completely, you may remember the fortune he was to earn, the journeys he was to go upon, the delights he was to enjoy and confer, and (among other matters) the masterpiece he was to make of Prince Otto!
Well, we will not give in that we are finally beaten. We read together in those days the story of Braddock, and how, as he was carried dying from the scene of his defeat, he promised himself to do better another time: a story that will always touch a brave heart, and a dying speech worthy of a more fortunate commander. I try to be of Braddock's mind. I still mean to get my health again; I still purpose, by hook or crook, this book or the next, to launch a masterpiece; and I still intend—some how, some time or other—to see your face and to hold your hand.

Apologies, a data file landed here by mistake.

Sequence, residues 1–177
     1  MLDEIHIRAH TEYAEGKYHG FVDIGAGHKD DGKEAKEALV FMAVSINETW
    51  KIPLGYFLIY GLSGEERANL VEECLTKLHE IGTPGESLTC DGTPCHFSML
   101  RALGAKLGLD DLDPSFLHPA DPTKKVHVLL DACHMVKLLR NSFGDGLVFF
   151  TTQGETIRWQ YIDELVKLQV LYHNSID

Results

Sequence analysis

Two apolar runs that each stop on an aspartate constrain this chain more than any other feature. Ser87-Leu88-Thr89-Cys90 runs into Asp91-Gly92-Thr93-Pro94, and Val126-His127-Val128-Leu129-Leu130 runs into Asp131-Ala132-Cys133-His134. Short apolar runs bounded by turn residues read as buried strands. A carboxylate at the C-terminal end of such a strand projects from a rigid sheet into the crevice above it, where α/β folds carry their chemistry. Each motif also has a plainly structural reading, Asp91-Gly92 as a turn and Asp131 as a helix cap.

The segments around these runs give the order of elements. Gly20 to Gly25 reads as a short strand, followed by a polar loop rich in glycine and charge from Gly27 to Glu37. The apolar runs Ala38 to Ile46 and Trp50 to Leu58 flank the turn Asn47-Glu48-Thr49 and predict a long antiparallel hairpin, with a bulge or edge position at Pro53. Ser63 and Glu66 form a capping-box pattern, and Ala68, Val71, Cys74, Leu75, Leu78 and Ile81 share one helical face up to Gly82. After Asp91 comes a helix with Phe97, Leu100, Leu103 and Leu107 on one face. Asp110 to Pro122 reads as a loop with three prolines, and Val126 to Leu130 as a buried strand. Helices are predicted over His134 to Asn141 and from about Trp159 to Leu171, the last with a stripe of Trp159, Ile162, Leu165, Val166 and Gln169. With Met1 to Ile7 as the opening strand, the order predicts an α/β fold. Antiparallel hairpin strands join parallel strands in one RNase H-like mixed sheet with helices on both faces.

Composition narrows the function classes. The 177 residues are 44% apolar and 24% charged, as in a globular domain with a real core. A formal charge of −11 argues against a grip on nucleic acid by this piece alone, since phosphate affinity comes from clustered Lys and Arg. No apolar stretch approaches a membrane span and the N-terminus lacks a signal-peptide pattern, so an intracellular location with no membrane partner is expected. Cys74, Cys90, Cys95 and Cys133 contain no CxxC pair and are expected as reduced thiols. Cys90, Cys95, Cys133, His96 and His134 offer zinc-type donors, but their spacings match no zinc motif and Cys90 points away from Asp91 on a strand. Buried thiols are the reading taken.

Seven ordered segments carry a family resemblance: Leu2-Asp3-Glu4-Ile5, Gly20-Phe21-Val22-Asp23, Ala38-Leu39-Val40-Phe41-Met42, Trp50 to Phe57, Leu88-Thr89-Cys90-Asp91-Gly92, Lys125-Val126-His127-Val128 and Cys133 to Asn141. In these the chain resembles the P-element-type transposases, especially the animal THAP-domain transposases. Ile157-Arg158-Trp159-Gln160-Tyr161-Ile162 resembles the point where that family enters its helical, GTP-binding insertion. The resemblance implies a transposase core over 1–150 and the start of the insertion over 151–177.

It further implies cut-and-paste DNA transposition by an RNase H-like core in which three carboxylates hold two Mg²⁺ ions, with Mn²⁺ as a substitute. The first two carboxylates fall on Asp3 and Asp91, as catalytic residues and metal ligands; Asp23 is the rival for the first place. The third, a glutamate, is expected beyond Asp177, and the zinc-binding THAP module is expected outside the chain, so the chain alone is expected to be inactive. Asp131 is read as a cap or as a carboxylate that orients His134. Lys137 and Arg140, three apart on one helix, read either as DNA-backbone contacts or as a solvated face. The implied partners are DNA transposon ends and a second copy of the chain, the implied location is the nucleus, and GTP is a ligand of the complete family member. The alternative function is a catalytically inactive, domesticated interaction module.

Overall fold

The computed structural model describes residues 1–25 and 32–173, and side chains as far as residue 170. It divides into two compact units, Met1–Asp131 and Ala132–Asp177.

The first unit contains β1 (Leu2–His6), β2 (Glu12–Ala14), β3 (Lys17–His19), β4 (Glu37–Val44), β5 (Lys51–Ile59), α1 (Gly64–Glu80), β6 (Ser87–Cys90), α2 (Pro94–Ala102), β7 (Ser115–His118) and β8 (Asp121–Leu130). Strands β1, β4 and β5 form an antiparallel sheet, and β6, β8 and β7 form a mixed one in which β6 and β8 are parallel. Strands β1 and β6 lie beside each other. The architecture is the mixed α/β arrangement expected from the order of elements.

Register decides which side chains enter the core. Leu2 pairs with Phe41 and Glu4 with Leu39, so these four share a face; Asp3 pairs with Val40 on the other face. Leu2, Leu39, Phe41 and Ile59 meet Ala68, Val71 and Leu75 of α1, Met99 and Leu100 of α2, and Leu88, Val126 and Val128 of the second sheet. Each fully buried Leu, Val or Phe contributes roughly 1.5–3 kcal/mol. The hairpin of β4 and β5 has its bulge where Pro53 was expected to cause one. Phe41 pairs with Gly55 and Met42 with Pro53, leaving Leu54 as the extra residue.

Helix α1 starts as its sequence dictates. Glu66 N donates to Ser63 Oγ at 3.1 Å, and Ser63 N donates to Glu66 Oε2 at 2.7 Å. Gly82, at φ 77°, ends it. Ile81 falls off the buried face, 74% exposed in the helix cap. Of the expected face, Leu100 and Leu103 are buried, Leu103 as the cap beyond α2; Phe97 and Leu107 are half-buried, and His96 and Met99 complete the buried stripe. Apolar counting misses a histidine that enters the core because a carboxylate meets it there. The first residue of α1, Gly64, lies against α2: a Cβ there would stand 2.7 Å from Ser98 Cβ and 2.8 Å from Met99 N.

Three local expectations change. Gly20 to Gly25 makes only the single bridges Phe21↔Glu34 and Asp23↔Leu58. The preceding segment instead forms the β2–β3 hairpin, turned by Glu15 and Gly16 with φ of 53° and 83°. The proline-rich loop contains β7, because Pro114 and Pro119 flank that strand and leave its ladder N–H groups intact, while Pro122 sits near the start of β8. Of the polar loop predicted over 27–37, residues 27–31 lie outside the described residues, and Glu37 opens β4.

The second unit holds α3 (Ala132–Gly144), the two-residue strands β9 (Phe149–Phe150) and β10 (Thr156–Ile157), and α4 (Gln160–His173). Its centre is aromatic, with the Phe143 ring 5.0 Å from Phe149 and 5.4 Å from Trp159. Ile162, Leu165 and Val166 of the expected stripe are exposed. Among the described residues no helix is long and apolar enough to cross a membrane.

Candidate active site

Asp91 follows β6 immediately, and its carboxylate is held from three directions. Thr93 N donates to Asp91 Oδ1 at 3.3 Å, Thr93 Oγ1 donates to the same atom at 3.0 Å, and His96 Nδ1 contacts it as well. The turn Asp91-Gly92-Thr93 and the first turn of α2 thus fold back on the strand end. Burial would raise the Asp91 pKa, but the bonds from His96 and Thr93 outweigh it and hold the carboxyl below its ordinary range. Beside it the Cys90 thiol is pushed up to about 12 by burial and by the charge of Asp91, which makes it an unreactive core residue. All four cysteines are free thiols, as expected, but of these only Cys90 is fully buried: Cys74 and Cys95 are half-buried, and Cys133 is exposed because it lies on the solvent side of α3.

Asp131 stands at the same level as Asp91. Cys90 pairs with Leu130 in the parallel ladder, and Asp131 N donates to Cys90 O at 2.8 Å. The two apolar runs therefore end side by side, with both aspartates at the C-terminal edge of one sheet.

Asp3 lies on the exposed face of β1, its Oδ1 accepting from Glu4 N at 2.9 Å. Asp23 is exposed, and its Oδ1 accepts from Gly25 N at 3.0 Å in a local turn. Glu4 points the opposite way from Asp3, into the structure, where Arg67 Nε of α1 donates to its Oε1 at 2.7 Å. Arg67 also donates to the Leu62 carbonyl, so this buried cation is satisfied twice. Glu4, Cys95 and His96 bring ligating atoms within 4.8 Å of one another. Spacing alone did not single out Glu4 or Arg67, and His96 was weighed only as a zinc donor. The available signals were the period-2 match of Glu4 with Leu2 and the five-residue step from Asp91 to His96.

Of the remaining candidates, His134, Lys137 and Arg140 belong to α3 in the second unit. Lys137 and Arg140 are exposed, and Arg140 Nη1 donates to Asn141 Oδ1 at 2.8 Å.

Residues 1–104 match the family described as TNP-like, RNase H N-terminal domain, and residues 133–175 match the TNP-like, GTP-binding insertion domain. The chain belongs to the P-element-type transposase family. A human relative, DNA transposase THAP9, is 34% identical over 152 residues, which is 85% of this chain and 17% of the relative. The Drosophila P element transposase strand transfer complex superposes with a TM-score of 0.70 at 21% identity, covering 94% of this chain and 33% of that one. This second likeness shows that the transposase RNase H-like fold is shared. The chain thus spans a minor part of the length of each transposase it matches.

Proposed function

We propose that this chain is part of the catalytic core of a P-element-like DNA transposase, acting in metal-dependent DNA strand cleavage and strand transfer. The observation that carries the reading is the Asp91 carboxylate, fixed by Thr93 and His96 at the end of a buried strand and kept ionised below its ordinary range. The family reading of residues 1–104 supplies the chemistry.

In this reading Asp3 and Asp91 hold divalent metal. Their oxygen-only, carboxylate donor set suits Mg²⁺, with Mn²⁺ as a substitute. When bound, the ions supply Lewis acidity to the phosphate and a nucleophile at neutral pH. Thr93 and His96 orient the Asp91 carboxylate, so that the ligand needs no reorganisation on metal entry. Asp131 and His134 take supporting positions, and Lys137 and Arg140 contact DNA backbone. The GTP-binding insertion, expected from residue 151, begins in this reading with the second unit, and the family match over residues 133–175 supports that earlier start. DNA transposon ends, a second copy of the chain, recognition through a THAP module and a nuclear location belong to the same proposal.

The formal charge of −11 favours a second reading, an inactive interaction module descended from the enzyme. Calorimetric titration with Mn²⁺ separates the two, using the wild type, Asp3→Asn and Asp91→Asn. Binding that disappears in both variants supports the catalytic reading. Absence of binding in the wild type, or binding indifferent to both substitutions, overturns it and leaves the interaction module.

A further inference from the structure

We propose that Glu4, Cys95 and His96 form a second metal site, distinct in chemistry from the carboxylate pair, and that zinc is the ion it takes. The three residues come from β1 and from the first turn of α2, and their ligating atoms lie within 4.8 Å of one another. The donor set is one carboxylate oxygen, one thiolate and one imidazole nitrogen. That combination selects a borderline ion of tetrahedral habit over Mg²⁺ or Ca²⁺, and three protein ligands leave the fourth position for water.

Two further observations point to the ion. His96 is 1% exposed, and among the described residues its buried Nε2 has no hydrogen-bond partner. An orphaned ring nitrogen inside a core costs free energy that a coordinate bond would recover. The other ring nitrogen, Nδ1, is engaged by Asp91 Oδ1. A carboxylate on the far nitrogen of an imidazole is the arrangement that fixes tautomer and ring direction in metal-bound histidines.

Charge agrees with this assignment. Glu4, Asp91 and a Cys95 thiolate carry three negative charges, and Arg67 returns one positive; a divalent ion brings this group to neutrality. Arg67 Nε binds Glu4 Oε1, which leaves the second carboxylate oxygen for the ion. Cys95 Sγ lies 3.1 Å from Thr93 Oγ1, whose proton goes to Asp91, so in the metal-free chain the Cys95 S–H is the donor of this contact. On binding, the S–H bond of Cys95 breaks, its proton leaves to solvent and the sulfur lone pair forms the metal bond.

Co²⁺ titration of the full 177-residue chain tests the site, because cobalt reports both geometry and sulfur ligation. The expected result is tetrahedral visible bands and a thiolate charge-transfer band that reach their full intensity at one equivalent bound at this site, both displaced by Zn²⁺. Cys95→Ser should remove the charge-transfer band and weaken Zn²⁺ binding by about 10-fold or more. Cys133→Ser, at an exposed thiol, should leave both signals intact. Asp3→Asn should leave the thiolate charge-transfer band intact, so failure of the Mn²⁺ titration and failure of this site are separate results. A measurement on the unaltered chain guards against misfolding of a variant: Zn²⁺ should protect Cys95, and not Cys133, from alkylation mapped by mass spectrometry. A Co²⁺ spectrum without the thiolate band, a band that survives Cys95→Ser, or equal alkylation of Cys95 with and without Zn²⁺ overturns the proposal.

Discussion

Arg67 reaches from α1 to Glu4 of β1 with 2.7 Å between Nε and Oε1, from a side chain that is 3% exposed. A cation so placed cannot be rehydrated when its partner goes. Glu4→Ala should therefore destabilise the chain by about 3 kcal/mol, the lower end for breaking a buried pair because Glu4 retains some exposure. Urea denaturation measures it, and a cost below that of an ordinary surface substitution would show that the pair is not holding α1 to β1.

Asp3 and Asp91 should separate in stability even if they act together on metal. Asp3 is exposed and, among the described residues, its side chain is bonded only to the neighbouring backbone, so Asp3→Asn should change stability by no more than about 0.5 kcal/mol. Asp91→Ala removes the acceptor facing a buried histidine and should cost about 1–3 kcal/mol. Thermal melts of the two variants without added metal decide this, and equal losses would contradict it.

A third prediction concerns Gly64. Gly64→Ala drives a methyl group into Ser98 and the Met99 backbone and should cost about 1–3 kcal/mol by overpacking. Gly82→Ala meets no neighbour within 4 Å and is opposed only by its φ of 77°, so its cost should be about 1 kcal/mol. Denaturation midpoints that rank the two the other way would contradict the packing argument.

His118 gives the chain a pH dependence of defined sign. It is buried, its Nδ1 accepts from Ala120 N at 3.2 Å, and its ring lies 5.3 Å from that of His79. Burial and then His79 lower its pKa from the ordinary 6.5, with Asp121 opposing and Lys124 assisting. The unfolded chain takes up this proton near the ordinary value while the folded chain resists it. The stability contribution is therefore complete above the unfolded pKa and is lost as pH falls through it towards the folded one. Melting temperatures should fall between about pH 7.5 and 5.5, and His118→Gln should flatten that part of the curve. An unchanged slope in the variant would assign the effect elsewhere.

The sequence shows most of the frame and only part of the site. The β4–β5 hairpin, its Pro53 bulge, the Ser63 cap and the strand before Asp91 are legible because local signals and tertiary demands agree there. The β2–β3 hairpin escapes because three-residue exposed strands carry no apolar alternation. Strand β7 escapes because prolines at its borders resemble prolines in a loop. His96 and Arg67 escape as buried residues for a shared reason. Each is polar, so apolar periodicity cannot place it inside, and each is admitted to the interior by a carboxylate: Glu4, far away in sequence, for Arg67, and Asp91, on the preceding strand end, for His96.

Meanwhile, this little paper traveller goes forth instead, crosses the great seas and the long plains and the dark mountains, and comes at last to your door in Monterey, charged with tender greetings. Pray you, take him in. He comes from a house where (even as in your own) there are gathered together some of the waifs of our company at Oakland; a house—for all its outlandish Gaelic name and distant station—where you are well-beloved.
R. L. S.